On June 19, 2021, our thoughts are with all the victims of one of the most devastating weapons of war, rape and sexual violence as a strategy of domination and terror in times of conflict. A dehumanizing weapon which terrorizes families over several generations and which totally destroys the familial and social fabric. We also think of those strong women who, all over the world, have courageously decided to break the silence and who are fighting for justice, truth and for reparations.
On this International Day for the Elimination of Sexual Violence in Conflict, we pay tribute to these survivors in Kosovo, Iraq, Japan, Colombia, Central African Republic, Uganda, Ethiopia, Mali, Guinea, DRC and elsewhere. We think of the survivors and activists of the worldwide network of SEMA survivors who, every day, raise their voices, sometimes risking their lives, so that their experiences, which are part of our common humanity, are not forgotten. So that their stories never repeat themselves.
The appalling tales of all these victims resonate with us. The world can no longer listen to them and remain silent—we have a duty to commit to doing all we can to end sexual violence used as a weapon of war in every conflict across the world.
Every day for nearly thirty years, women, girls, men, boys, and even babies have been sexually assaulted by armed men in the DRC, often with extreme violence.
The priority is to be able to provide care for these victims so that they receive medical, psychosocial, legal assistance, and socio-economic reintegration assistance. Some 60,000 women have been cared for in our structures since 1999, but how many do not reach us?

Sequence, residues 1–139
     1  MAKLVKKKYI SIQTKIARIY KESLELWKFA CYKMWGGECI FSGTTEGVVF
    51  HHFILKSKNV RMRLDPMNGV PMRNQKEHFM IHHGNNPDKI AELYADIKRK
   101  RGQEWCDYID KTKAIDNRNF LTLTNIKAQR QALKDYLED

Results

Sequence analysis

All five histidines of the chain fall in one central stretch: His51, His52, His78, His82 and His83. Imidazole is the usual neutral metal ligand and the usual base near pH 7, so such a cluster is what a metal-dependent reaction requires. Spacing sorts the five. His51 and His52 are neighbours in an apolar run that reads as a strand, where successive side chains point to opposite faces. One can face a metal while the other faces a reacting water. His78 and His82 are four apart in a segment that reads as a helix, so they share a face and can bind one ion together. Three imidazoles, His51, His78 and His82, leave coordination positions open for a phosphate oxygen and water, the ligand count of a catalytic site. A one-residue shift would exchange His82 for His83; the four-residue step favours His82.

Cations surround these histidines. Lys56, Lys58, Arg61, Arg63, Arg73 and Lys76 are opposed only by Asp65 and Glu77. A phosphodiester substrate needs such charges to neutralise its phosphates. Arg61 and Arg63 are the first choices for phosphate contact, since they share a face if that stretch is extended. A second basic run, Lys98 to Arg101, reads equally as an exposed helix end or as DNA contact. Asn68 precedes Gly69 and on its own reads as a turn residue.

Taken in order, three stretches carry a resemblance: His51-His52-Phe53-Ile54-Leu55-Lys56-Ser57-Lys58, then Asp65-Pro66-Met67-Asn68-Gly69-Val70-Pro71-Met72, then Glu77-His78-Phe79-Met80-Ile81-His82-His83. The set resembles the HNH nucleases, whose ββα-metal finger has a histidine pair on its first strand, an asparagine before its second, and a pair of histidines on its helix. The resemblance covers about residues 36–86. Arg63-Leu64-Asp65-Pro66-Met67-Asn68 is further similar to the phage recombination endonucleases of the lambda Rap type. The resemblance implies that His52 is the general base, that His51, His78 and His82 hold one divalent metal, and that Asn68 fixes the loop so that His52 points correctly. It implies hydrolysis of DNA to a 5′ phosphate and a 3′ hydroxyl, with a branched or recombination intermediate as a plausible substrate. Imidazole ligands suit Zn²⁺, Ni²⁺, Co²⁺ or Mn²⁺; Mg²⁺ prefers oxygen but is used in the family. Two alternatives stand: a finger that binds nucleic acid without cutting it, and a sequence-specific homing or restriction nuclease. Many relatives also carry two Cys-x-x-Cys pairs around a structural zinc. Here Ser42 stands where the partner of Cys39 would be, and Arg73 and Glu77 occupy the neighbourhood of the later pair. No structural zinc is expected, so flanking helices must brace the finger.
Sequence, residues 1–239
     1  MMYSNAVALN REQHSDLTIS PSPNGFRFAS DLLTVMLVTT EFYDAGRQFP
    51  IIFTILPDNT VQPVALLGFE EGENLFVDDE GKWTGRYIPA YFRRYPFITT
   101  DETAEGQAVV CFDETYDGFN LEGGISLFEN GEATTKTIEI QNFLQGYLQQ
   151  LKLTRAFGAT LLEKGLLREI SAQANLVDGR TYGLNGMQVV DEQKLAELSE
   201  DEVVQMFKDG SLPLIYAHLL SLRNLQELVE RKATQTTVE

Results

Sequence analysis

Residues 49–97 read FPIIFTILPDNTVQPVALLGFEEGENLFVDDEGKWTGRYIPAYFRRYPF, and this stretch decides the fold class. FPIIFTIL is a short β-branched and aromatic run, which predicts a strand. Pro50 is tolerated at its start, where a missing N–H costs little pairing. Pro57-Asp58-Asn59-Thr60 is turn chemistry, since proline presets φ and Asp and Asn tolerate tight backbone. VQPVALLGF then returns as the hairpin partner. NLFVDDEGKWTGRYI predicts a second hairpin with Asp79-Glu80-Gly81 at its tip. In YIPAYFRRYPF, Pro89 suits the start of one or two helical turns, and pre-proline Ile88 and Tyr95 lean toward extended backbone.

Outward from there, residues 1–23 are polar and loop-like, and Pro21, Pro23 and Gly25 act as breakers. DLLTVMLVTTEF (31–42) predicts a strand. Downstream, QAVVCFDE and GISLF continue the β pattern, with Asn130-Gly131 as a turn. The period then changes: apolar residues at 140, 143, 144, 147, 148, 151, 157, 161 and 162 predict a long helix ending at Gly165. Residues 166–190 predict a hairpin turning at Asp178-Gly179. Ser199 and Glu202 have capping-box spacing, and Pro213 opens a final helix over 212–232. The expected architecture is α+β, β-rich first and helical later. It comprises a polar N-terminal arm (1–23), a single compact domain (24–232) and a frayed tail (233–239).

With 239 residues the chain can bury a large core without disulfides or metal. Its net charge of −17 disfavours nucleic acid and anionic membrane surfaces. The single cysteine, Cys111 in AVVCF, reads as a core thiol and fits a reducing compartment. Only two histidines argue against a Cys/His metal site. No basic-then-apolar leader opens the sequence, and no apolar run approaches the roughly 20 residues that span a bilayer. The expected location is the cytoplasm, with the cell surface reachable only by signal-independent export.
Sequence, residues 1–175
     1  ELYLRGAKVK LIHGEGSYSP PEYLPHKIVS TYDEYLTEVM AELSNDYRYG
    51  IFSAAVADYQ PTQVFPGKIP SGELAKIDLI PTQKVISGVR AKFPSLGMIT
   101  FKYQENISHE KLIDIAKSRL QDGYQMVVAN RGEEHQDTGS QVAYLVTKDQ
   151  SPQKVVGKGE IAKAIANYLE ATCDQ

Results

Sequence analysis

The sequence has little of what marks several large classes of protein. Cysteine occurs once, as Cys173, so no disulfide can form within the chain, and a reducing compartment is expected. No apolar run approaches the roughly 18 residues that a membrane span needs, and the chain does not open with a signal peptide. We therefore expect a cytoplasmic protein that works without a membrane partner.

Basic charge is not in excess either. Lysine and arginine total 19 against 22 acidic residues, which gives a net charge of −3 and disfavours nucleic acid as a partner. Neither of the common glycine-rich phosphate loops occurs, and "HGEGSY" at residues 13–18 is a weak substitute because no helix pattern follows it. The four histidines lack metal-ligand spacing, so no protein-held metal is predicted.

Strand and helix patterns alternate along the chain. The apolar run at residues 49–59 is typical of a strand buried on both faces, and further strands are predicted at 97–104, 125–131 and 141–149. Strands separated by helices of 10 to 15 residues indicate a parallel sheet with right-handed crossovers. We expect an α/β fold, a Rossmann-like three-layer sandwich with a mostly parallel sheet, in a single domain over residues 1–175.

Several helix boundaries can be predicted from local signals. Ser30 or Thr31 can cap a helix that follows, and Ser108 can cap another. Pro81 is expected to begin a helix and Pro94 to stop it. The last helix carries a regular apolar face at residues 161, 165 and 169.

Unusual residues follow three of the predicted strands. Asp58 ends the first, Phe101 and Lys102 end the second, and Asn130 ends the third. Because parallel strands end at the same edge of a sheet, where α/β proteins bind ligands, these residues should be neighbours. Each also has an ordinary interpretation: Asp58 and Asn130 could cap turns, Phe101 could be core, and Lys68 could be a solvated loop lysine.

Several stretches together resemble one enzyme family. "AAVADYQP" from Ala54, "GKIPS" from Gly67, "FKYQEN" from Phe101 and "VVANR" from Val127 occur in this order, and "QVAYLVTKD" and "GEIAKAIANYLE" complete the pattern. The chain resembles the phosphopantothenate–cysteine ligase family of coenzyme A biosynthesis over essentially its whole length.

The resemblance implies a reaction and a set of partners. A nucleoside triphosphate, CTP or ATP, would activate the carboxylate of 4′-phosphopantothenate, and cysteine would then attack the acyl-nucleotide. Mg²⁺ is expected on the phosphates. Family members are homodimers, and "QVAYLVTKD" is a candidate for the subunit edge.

How many do not survive physical trauma or commit suicide? How many dare not speak up and carry the weight of shame they shouldn’t carry?
This holistic care is essential, but it is not sufficient—victims and survivors also have the right to truth and to reparations.
The culture of impunity still prevails in the DRC, yet everyone knows that efforts for justice and accountability are the best tools to ensure the non-repetition of these heinous crimes.
We advocate for the establishment of transitional justice mechanisms to break the downward spiral of violence and impunity. Crimes against humanity—including sexual violence—have been ongoing for decades because perpetrators are rarely held accountable.
The only way for the country to move forward is to ensure that past and present crimes are brought to justice and that survivors and communities receive individual and collective reparations for the trauma they have suffered. suffered. It is fundamental to complete the healing process. We must go further than retributive justice so that all of society can reflect on the place of women in society, their economic position, the education we give to our children, etc.